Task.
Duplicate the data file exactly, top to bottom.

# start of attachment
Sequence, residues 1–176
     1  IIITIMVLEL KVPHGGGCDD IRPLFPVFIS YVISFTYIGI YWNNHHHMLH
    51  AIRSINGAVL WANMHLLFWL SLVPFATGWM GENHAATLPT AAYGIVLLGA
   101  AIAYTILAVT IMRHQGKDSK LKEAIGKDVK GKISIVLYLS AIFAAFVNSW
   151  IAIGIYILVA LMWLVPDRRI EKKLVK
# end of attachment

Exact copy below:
Sequence, residues 1–176
     1  IIITIMVLEL KVPHGGGCDD IRPLFPVFIS YVISFTYIGI YWNNHHHMLH
    51  AIRSINGAVL WANMHLLFWL SLVPFATGWM GENHAATLPT AAYGIVLLGA
   101  AIAYTILAVT IMRHQGKDSK LKEAIGKDVK GKISIVLYLS AIFAAFVNSW
   151  IAIGIYILVA LMWLVPDRRI EKKLVK